Saturday, March 31, 2007

Senate v. Bush Showdown

The administration is raising its rhetoric in its battle over funding for Iraq. It has been none too pleased with the Senate for fulfilling its consitutional duty to check the authority of the executive.

When Bill Clinton had a showdown with the Republican congress over the Budget, the public increasingly sided with Bubba. Bush claims that congress will eventually be held responsible in the same way for "abandoning" our troops. I disagree. There is a fundamental difference between being forced to shut down the federal government and being forced to constrain the operations of our troops.

The public is much futher removed from the latter and, whereas the Republican congress was proposing cuts to social services during Bill Clinton's presidency (difficult to begin with), Bush is fighting to prolong an unpopular war. To win this political battle, the Democrats need to step up the pressure; they must maintain the constant message that Bush and Cheney are untrustworthy as leaders and that they have lost contact with the needs of the country. By discrediting the policies of the administration (which is easy to do, given their incompetence) congress will be able to remove our troops from the civil war.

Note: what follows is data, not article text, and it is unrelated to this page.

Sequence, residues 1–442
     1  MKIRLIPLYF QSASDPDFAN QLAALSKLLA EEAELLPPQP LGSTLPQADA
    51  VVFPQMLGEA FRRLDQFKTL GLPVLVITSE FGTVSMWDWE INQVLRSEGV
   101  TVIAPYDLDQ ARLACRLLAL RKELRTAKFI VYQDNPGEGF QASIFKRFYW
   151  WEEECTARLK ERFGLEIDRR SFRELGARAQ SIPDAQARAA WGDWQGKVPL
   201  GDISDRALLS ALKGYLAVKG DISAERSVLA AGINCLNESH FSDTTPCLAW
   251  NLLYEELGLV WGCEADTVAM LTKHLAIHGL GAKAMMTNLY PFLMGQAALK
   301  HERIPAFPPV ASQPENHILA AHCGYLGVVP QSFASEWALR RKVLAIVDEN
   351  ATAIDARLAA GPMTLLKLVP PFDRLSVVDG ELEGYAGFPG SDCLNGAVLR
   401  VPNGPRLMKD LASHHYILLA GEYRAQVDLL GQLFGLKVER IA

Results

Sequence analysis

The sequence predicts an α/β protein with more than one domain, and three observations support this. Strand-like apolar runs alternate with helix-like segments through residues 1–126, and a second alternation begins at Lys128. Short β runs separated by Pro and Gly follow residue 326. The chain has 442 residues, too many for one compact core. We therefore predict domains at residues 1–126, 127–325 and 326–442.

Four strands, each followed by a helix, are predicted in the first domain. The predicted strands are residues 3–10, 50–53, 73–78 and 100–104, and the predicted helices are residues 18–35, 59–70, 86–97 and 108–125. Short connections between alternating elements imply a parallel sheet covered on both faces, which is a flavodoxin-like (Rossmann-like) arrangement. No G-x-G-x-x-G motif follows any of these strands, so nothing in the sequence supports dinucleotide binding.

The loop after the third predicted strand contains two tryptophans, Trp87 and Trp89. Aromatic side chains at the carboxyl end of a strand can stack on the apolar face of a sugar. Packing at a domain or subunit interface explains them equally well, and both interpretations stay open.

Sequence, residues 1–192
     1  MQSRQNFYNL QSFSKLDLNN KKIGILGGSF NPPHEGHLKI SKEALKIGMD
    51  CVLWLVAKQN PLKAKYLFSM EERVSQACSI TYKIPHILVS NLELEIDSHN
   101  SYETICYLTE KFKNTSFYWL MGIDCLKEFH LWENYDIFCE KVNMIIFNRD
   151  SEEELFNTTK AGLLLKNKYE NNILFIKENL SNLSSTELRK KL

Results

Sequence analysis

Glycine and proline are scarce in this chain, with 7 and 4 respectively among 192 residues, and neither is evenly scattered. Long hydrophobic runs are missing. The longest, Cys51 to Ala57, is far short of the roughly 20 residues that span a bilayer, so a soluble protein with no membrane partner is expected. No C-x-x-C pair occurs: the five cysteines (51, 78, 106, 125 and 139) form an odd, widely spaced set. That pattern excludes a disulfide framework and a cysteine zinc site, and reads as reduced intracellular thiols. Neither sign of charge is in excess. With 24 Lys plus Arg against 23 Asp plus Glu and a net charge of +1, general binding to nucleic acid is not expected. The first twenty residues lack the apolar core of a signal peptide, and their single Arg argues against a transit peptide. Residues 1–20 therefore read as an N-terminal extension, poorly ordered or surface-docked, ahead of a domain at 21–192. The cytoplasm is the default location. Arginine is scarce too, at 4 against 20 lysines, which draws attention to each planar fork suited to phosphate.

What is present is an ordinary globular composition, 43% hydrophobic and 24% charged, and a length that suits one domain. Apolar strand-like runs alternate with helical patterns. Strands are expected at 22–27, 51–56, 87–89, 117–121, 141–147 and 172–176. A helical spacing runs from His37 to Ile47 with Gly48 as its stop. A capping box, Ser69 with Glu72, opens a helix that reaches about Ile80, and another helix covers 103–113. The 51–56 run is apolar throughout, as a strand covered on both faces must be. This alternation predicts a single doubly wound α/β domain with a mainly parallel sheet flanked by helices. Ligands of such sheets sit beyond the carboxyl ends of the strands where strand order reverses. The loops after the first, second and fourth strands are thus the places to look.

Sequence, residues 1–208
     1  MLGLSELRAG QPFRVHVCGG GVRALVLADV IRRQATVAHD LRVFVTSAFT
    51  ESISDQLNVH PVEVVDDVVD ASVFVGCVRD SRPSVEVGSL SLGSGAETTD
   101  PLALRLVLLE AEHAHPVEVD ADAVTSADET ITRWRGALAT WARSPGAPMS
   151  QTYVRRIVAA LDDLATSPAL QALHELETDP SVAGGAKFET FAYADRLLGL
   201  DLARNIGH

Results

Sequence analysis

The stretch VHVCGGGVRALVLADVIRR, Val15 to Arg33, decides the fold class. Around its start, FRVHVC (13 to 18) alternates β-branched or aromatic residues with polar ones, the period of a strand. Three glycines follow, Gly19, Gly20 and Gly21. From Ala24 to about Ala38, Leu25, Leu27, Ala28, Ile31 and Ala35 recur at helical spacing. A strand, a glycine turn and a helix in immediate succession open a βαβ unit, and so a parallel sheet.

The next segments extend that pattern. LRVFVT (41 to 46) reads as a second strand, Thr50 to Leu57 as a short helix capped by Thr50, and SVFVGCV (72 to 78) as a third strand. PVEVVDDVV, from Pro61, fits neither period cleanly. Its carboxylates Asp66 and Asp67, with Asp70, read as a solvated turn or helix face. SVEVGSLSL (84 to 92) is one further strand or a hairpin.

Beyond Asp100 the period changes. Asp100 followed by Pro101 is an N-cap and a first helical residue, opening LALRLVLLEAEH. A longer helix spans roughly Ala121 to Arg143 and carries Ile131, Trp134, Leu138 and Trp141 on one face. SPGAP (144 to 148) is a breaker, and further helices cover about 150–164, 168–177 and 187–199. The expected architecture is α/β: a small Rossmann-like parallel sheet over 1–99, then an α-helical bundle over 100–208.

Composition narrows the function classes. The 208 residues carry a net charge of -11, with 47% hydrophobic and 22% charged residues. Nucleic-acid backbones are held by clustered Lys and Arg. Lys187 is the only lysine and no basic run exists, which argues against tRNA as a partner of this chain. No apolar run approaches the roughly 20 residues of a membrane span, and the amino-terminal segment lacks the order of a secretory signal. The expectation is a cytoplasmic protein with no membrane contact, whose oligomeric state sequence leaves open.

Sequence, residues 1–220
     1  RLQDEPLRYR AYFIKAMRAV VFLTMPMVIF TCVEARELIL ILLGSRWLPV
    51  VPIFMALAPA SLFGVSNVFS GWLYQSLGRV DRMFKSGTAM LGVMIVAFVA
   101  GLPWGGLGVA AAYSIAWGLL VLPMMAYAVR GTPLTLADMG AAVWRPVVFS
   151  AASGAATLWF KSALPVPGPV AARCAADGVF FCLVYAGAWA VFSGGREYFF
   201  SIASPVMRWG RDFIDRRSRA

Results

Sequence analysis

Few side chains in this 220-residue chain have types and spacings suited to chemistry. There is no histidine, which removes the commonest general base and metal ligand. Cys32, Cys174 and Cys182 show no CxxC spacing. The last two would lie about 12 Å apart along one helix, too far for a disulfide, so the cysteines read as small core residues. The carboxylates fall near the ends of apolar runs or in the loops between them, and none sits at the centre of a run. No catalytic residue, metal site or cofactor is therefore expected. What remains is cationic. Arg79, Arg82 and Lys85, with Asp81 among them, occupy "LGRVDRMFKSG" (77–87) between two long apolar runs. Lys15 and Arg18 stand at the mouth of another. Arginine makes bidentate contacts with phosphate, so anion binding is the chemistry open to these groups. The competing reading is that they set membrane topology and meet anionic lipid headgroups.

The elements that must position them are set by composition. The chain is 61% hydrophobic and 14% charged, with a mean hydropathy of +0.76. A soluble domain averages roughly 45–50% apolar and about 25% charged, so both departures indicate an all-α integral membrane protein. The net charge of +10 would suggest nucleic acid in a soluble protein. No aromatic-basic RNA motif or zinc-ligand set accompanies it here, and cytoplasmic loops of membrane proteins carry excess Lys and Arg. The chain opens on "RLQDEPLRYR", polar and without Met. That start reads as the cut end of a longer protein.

Lets hope they succeed.

Posted by Peter

Wednesday, March 28, 2007

Senate Pulls Through

The Senate voted in favor of a pullout date yesterday, to my great pleasure and to Dick Cheney's great dismay. I'm particularly proud of Chuck Hagel, who's comments echo my own feelings: "There will not be a military solution to Iraq. Iraq belongs to the 25 million Iraqis who live there."